A year ago, banana bread was the top Google Google search recipe in America. But by the end of the year, it was barely reaching the top 10 for searches. And in 2021, as people leave their kitchens at home, it barely comes back into the conversation.
Not so fast.
In his wonderful new book, Cook, eat, repeat: ingredients, recipes and stories (Ecco; $ 32), released April 20, Nigella Lawson makes a compelling case to bring back the cult of banana bread.
Lawson’s tome is well suited to times of pandemic, even though it was a pre-Covid project. âThe title Cook, Eat, Repeat is a lot like a description of the year we’ve just had,â Lawson said in an email message. âI found myself thinking about cooking and consuming under confinement, and that influenced the book. “
She got rid of the chapter âHow to Invite Your Friends to Dinner, Without Hating Them or Yourselfâ, which she called âgiddy out of step with the way we live and thinkâ, and added more dishes for one. More importantly, she went further into the kitchen. “I think this only intensified my thoughts on food, its potential to enhance the emotional content of the day and provide pleasure and structure, when both were so badly needed.”
The book is a lot of fun to read, with hopscotch chapters of “What’s a Recipe?” to âA Loving Defense of Brown Foodâ and âPlaisirs,â the section in which Lawson’s Tahini Banana Chocolate Bread is located. Anecdotal recipes and top notes span pages for dishes like Chicken in a Pot with Orzo and Lemon, so you feel like Lawson, a great conversationalist, is chatting while you stir.
Although London-based Lawson says she didn’t bake much banana bread during the pandemic, she spent time creating an additional genius out of her recipe. It gives the possibility of turning the bread into a melted cake by adding Greek yogurt, changing a few other amounts of ingredients, and then baking it in a round dish.
âI have to try a variation, which is to turn it into a hot dessert, with a squidgy texture and a melted center. It was actually perfect for someone who lived and ate on their own in lockdown, as I was, as it turned something familiar into a lavish treat.
To see Lawson’s chocolate cake adaptation, you’ll need to purchase the book, but until then the bread version is a hit. What makes it special is the addition of tahini, which brings a nutty touch and extra sweetness. âI thought if chocolate and peanut butter worked so well together, then chocolate and sesame seed butter – which is more or less what tahini is – could be wonderful,â she says. “And they really are.”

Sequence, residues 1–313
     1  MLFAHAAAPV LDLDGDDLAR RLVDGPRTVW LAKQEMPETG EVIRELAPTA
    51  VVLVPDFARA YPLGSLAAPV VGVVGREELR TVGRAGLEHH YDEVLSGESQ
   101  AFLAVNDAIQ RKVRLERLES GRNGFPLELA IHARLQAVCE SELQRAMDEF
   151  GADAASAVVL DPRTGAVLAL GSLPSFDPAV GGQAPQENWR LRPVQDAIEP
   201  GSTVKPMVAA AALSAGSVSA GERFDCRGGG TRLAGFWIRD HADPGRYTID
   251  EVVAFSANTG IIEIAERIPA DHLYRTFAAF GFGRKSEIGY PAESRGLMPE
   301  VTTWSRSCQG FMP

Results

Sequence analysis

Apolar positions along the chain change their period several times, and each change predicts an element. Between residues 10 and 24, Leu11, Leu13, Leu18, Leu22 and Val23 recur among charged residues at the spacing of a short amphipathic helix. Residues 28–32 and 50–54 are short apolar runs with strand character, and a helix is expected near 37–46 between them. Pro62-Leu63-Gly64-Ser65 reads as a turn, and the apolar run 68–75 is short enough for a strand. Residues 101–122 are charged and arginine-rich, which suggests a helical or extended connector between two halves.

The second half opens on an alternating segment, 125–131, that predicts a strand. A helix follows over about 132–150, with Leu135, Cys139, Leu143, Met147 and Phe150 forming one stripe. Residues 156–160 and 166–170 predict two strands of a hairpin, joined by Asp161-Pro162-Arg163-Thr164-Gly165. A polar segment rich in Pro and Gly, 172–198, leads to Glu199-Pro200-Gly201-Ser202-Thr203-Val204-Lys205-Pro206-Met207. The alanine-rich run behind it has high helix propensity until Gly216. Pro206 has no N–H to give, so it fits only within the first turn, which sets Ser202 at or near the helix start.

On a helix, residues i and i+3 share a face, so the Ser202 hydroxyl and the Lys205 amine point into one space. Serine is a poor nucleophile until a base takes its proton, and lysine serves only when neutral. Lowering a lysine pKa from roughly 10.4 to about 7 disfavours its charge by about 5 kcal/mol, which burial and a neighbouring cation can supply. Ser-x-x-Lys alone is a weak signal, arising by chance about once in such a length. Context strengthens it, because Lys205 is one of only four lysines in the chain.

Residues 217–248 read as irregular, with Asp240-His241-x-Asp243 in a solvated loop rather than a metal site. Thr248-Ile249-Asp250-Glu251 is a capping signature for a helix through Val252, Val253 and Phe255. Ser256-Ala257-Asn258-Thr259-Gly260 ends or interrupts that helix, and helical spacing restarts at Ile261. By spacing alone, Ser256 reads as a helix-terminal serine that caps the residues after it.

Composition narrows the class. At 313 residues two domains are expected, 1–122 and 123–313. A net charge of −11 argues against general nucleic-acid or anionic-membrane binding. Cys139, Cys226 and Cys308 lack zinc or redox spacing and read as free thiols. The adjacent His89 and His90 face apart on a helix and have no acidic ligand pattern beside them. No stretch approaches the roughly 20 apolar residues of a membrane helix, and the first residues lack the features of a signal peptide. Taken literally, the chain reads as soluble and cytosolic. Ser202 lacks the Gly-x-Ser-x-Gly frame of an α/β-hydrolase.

Tahini also acts as a leader, bringing together all the other ingredients. âWhy I particularly like this banana bread is that the rich bitterness of cocoa and the smoke of tahini, offset by the sweetness of the banana, really gives it a complex flavor and a sophisticated side,â Lawson says. I never could.
Another thing to remember about banana bread before Earth Day on April 22 is the OG of Lean Recipes, highlighting an ingredient that might otherwise be thrown out because it’s too brown or bruised. Cook, eat, repeat also offers a recipe for using banana peels in a cauliflower curry. The skins, soaked in hot water, “have a wonderfully velvety texture and soak in the spices,” she writes, adding that making a meal with recycled leftovers thrills her. âWhile I’m often definitely extravagant when it comes to food, I never waste,â Lawson says.
The following recipe is adapted from Cook, eat, repeat by Nigella Lawson. Note from testers: If your bananas are not overripe, you can add an extra tablespoon of sugar to the batter. To make it vegan, Lawson suggests omitting the egg, increasing the mashed bananas to a generous 1 cup and the tahini to â cup, and using dairy-free chocolate chips.
Banana Chocolate Tahini Bread
For 8-10 people
2 medium-sized, very ripe or overripe bananas (to make three quarters of a cup mashed)
A quarter cup of olive or vegetable oil
A quarter cup of tahini, at room temperature
1 large egg, at room temperature
A quarter of a cup of superfine sugar
3 tablespoons of dark brown sugar
1 teaspoon of pure vanilla extract
Half a cup of all-purpose flour or all-purpose gluten-free flour
3 tablespoons of unsweetened cocoa powder
Half teaspoon of baking soda
A quarter of a teaspoon of fine sea salt
Two-thirds cup of sweet and sour chocolate chips
1 teaspoon and a half of sesame seeds
Heat the oven to 325F. Lightly oil a 1 lb loaf pan or line with parchment paper. Either by hand or with an electric mixer, mash the bananas, then beat them in the oil, then the tahini. Then add the egg, then the sugars and vanilla. Using a whisk or a fork, combine the flour, cocoa, baking soda and salt, then slowly add the dry ingredients to the mixture. dough. When you no longer see any white spots, fold in the chocolate chips with an angled spatula, which you will need to scrape the dough that runs out of the loaf pan. Sprinkle the top with sesame seeds.
Bake 45 to 50 minutes until risen and firm to the touch, or until a toothpick comes out almost clean; a few chocolate chips will make it a bit sticky in places. Don’t worry about the cracks on the top; that’s part of his deal.
Let cool completely in its mold on a wire rack. If you can stand the wait, take it out of the pan and wrap it in parchment paper, then foil and leave it for a day before slicing and eating. I understand if that’s too much to ask.